Parenting Teens Online

Navigation

Search

Account Navigation

Planning a Safe Prom

Planning_a_Safe_Prom_photo

By Wendy Leonard

It’s spring of junior year. Your son and daughter just got their invitations to the prom. There are dresses and tuxes to be bought; travel arrangements to be made; a post-prom party to be planned. But are you all really ready for that special night?

One Talk Won’t Do It

Rose H., a West Virginia mother, says, “I’ve been talking with my daughter about making smart decisions for years. Every time she goes out, I know where she’s going and who she’s with. So for us, prom night was no different. It’s taken time–but now I know I can trust her to play by my rules.”

“Mom was great,” concurs her daughter, Karen. “She was so excited for me. But going out that night was like any other night; I had my cell phone, and I knew if I needed her, all I had to do was call.”

How many families have worked this long on a process of trust? Linda R., a mother from Maryland, had a very anxious prom night.

“I sat down with Josh and warned him about not getting in a car with someone who’d been drinking. But once he was out the door, I felt powerless; and I worried all night until he got home safely.”

“Yeah, my folks gave me all sorts of warnings,” shares 18-year-old Josh. “But my friends and I can handle ourselves. And, seriously, it was prom night…we had to have some fun! Nobody died.”

Both of these families were fortunate. However, the grim reality is, over one third of all alcohol-related teen deaths occur during prom season. So, let’s get down to business. What can you do?

 

Readers' Comments

Emma Andi 04/18/08

Here are a few pointers for renting a limo on prom night:

1. Ask the transportation company for the Prom Promise. This is a document that teens sign in agreement of not drinking or taking drugs on Prom night. Many limousine and chauffeured transportation companies offer this contract as a way to give parents an outlet to discuss the importance of safety on Prom with their teens.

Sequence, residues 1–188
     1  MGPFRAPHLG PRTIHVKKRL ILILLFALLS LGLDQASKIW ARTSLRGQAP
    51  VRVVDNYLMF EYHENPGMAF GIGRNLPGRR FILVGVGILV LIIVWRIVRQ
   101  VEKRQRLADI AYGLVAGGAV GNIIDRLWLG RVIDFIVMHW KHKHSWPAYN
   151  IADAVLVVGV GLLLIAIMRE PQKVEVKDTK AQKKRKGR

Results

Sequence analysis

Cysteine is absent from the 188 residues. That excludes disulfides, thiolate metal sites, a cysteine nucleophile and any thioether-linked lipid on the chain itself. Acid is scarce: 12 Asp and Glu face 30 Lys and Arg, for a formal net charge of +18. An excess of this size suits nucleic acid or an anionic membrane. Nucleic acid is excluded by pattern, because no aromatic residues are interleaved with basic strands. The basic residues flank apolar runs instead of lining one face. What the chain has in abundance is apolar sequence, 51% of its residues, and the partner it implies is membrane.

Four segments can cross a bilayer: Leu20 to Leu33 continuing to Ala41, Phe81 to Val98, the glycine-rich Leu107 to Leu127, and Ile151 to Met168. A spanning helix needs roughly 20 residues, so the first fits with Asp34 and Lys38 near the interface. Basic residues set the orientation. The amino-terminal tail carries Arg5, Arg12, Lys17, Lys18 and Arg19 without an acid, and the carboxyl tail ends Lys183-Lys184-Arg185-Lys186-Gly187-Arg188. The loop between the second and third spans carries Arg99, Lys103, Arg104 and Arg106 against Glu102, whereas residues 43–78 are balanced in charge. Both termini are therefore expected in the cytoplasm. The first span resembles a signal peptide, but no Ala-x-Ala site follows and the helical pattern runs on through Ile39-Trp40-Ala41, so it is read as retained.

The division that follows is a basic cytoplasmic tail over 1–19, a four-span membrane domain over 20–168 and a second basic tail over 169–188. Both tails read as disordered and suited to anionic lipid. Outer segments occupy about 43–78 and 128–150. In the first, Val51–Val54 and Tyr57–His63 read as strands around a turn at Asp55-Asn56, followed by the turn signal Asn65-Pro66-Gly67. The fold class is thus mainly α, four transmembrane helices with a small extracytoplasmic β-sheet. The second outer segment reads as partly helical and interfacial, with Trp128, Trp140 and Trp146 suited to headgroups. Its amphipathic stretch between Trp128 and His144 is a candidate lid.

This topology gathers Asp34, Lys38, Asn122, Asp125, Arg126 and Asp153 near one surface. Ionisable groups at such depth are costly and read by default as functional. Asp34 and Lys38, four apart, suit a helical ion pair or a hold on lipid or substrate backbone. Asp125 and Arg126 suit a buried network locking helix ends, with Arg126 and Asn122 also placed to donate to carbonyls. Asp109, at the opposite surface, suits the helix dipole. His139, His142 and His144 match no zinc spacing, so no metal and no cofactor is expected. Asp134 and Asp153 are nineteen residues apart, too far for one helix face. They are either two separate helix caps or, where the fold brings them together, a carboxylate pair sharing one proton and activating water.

2. Give the transportation company a curfew. That’s right; the chauffer will abide by any rules you set forth, and will make sure to pick up and drop off your kids at a designated hour. This is a great way ensure your kids make it home on time, no excuses.

3. Check with industry associations to make sure the company you choose is reputable. Companies who belong to industry associations usually must abide by special insurance regulations and service rules. Reputable associations such as the National Limousine Association (NLA) and the local livery association are good indications that your service provider does their due diligence. If you are still stuck, consult www.nlaride.com. The National Limousine Association’s website lists licensed, properly insured limousine professionals by community. Consumers can compare services, pricing, vehicle availability and receive non-binding online price quotes.

4. Set some ground rules. As the parent, you have the right to tell the transportation company what will and will not be tolerated in the vehicle. For example, you can ask that the chauffer keep the privacy screen down for the entire ride, so that he/she has a full grasp of what your kids are up to. If any of your rules are broken, the chauffer can turn the car around and bring your kids home.

5. Remember to sit back and relax. A reputable company hires drivers with proper training and licensing. Theses chauffeurs are used to carting around excited passengers all day long, so they know how to keep things under control.

Read more comments

  • Print This article
  • Rate This article -972449292a:2:{s:6:"output";s:0:"";s:6:"result";s:1563:"Simon Bull Studios - Landscapes - Big Sur Evening
    Rate Article

    Was this article helpful to you? Let us know by giving it a rating from 1 (not helpful at all) to 5 (outstanding).

    We appreciate your taking the time to let us know how we're doing!

  • -372979135a:2:{s:6:"output";s:0:"";s:6:"result";s:1282:"Simon Bull Studios - Floral - Dancer

    Take Our Latest Poll

    What subject is the hardest for you to discuss with your teen?

    Poll Options

    See Poll's Results